Filler Characteristics Barium sulfate

INTRODUCTION EXPERIMENTAL RESULTS

natural

SUMMARY

Morphology Density

ppt. special grade for powder coatings

corpuscular

Calcined Neuburg Siliceous Earth

Silfit Z 91

corpuscular / lamellar aggregated

[g/cm³]

4.4

4.4

2.6

Particle size d50

[µm]

2.9

1.6

2.0

Particle size d97

[µm]

14

5

10

[g/100g]

14

22

60

[m²/g]

0.8

2.6

7.5

Oil absorption Specific surface area BET VM-0/03.2012

Fig. 2

page 4

The color values were determined in a spectral photometer with geometry d/8° and light D 65. The precipitated barium sulfate, with an L* value of 97, showed the highest brightness, followed by the natural barium sulfate (barite) and Silfit Z 91 with L* = 95. The a* value of all fillers came out comparable at – 0.2 to – 0.5. For the b* value, which indicates the yellowish tint, a small difference between the fillers was evident: the barium sulfates with 0.2 to 0.5 revealed themselves somewhat more color neutral than Silfit Z 91 with b* = 1.2 (however, this sample came from a pilot production run, today´s figures typically run lower) (Fig. 3).

Filler Characteristics Barium sulfate

INTRODUCTION EXPERIMENTAL

Calcined Neuburg Siliceous Earth

natural

ppt. special grade for powder coatings

Silfit Z 91

L*

95

97

95

a*

- 0.3

- 0.5

- 0.2

b*

0.2

0.5

1.2

Color

RESULTS SUMMARY

VM-0/03.2012

Fig. 3

2.3

Preparation of batches

The premix was mixed for 2 minutes at 1000 rpm in a Mixaco unit and subsequently homogenized in an extruder (Coperion ZSK 18, twin screw, shaft speed 350 rpm, heating zones 50°C / 100°C / 100°C / 100°C / 100°C). The batches were ground in a mill and finally sieved. Application was carried out with a GEMA powder pistol Corona with 80 kV and 2 bar onto Q-Panel sheets (aluminum A 36 and A 48). The coatings were baked for 15 minutes at an oven temperature of 180°C, which corresponds to a peak metal temperature (PMT) of about 180°C for 10 minutes. The dry film thickness came out at about 70 µm.

page 5

2.4

Test methods

Color values The color values CIE L* a* and b* were determined in a spectral photometer at a measuring geometry d/8° with light D 65.

Hiding power / Opacity Opacity was determined on black / white panels (checkered pattern) from the Q-Panel company. The hiding power was obtained by measuring the standard color index Y over the black and white substrate. The ratio of Y black to Y white, multiplied by 100, yielded the hiding power in percent. With a hiding power of 98 % or greater, a coating is judged as covering.

Gloss Gloss was determined with the Micro-Tri-Gloss unit of the company BYK. The measuring angle of 20° represents the range of high gloss, 60° the medium gloss range.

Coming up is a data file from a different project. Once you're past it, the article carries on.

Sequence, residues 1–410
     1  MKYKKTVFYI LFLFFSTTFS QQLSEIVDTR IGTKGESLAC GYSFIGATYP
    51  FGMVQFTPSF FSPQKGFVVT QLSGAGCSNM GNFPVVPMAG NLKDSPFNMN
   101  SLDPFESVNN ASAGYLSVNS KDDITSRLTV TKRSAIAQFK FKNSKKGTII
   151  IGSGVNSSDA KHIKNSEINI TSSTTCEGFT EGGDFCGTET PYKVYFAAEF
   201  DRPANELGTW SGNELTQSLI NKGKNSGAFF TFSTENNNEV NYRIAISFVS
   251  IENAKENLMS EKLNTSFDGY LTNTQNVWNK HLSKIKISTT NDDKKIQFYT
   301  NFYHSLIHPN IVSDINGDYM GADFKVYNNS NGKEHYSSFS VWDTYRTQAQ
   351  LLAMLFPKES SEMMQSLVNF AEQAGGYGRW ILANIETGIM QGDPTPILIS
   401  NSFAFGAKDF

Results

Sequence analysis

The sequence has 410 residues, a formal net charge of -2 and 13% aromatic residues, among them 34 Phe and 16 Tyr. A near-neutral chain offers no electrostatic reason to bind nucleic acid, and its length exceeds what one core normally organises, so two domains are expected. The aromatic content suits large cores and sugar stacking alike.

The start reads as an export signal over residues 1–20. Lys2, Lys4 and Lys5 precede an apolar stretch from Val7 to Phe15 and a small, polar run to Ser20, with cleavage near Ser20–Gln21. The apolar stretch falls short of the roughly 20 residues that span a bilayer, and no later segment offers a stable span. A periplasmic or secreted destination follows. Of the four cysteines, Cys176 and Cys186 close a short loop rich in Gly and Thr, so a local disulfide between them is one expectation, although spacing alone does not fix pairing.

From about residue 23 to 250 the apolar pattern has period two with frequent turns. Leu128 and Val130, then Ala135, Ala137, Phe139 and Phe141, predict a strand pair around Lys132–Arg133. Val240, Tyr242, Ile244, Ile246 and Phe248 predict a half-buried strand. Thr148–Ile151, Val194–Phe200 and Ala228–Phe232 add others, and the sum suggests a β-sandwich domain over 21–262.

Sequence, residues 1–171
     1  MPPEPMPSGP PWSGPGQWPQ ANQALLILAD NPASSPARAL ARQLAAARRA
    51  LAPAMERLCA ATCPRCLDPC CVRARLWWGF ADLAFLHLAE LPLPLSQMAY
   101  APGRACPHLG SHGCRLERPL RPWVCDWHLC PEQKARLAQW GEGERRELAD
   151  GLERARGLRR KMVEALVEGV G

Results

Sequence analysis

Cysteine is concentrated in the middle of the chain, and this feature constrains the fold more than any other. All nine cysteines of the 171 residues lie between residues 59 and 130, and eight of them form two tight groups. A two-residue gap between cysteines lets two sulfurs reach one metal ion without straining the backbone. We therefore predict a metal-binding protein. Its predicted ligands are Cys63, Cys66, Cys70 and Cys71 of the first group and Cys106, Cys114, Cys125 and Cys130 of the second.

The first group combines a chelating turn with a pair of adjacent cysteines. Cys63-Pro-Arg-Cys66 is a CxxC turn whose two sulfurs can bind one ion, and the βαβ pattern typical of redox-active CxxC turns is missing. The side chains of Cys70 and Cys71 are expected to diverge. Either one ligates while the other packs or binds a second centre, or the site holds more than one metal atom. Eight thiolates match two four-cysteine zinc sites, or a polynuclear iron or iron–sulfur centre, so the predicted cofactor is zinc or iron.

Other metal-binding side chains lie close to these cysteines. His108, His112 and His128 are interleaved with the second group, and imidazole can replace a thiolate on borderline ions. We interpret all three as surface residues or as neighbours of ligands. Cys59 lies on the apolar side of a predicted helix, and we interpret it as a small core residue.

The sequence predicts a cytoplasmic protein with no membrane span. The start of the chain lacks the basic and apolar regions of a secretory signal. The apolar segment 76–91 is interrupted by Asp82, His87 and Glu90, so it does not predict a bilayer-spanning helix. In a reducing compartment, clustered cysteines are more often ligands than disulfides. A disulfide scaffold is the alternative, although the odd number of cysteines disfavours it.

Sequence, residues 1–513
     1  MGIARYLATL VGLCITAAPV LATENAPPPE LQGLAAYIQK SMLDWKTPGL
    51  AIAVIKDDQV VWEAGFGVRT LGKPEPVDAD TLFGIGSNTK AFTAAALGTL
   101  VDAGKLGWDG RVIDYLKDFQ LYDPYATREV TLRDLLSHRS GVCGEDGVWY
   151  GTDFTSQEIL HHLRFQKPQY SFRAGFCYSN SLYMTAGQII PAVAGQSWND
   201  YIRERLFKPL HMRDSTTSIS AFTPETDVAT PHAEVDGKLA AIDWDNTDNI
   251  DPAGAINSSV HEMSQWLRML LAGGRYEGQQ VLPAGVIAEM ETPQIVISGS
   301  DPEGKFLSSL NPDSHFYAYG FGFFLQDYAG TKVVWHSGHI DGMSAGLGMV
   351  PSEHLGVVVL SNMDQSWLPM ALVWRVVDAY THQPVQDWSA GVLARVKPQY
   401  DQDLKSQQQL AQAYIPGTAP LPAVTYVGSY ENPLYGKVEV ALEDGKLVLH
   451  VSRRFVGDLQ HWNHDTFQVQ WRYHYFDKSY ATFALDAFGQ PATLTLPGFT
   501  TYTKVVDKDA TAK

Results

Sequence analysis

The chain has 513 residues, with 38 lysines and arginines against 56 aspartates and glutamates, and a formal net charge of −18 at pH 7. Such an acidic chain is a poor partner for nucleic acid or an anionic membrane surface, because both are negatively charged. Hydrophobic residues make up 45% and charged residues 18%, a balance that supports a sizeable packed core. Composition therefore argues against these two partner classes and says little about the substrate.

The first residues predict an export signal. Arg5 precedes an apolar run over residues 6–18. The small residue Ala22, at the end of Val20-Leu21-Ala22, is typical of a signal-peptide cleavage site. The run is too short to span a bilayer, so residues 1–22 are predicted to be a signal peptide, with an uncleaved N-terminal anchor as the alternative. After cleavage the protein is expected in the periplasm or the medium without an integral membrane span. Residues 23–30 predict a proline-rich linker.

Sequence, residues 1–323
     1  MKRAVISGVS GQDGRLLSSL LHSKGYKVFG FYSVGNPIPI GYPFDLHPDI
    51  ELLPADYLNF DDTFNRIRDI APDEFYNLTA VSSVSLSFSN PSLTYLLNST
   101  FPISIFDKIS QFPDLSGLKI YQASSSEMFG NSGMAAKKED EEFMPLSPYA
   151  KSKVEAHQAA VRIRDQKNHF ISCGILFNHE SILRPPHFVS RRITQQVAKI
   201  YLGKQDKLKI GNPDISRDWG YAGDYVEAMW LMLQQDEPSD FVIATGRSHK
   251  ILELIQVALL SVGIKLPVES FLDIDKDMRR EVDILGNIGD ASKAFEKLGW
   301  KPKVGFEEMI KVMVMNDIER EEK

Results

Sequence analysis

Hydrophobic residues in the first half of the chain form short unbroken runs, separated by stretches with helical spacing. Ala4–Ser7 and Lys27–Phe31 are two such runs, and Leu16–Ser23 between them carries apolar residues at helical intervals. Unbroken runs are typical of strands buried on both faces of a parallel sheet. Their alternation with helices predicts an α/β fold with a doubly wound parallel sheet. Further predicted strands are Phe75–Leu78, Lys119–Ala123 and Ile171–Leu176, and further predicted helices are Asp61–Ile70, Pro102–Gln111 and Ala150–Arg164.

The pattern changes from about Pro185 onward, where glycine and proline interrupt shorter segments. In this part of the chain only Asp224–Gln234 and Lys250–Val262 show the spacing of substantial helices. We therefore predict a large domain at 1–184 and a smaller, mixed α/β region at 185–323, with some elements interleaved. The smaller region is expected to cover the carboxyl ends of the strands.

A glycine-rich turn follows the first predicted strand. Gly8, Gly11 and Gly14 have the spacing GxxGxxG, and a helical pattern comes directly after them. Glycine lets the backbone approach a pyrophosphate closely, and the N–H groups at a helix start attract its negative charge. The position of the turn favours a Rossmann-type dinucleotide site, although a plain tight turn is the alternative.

Haze High quality surfaces are expected to offer a clear, brilliant aspect. Microstructures, which can be introduced by unsatisfactory dispersion or big particles, result in a slight opacity or haze. This effect is named haze and was determined with the micro-haze plus unit of the company BYK.

Leveling For this test, the surface was evaluated optically: how well the overhead lamp was mirrored on the coating, how well the edges were visible and how far they were irregular or spread out. The better the leveling properties, the smoother and more uniform the appearance.

Flexibility (Reverse impact test) For the impact test according to ASTM D 2794, a weight of 2 lbs (ball diameter 12.7 mm) is dropped from different heights (10 inches = 25 cm) onto the uncoated backside. The coating on the front side will then be judged for cracks. This study indicates the results in inch-pounds where just no more cracks could be observed.

Flexibility (Cupping test) In the cupping test according to DIN ISO 1520, a hemisphere is pressed with constant slow speed from the backside into the coating, which then will be checked for developed cracks. The present study will indicate the maximum possible cupping depth in millimeters where just no cracks could be observed.

page 6

Mechanical resistance (scribe / scratch resistance) The mechanical resistance was tested via the scribe or scratch resistance by scratching the coating with a weight-loaded metal tip until the substrate became visible. The test device, as shown in Fig. 4, was the Corrocutter of the Erichsen Company (model 639). The rounded hard metal tip according to van Laar had a diameter of 0.5 mm and was pulled over the powder coating layer with a stepwise increased load from 2 to 20 Newton. The test result was expressed as the force necessary to scratch the coating through to the substrate.

Mechanical Resistance INTRODUCTION

Mechanical resistance is tested by scratching the coating down to the substrate with a hard metal tip (substrate: aluminum A 48) Testing equipment (Erichsen Corrocutter, model 639) with loaded weight, force from 2 – 20 Newton

EXPERIMENTAL RESULTS • BaSO4 SUMMARY

Round hard metal tip (van Laar, diameter 0.5 mm)

VM-0/03.2012

Fig. 4

page 7

3.